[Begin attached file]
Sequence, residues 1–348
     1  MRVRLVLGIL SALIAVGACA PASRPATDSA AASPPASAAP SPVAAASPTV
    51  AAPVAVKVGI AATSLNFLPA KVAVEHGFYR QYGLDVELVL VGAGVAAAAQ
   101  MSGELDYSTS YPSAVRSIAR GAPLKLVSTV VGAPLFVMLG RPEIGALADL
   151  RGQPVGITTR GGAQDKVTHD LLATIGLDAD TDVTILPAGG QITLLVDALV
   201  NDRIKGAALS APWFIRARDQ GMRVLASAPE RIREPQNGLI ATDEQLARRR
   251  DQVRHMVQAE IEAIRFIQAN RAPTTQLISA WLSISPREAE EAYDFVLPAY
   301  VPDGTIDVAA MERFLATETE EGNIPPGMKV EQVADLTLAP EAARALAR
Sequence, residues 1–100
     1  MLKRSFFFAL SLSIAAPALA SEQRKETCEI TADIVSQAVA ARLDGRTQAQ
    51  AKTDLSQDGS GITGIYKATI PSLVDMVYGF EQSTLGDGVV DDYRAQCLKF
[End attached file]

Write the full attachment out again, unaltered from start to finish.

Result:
Sequence, residues 1–348
     1  MRVRLVLGIL SALIAVGACA PASRPATDSA AASPPASAAP SPVAAASPTV
    51  AAPVAVKVGI AATSLNFLPA KVAVEHGFYR QYGLDVELVL VGAGVAAAAQ
   101  MSGELDYSTS YPSAVRSIAR GAPLKLVSTV VGAPLFVMLG RPEIGALADL
   151  RGQPVGITTR GGAQDKVTHD LLATIGLDAD TDVTILPAGG QITLLVDALV
   201  NDRIKGAALS APWFIRARDQ GMRVLASAPE RIREPQNGLI ATDEQLARRR
   251  DQVRHMVQAE IEAIRFIQAN RAPTTQLISA WLSISPREAE EAYDFVLPAY
   301  VPDGTIDVAA MERFLATETE EGNIPPGMKV EQVADLTLAP EAARALAR
Sequence, residues 1–100
     1  MLKRSFFFAL SLSIAAPALA SEQRKETCEI TADIVSQAVA ARLDGRTQAQ
    51  AKTDLSQDGS GITGIYKATI PSLVDMVYGF EQSTLGDGVV DDYRAQCLKF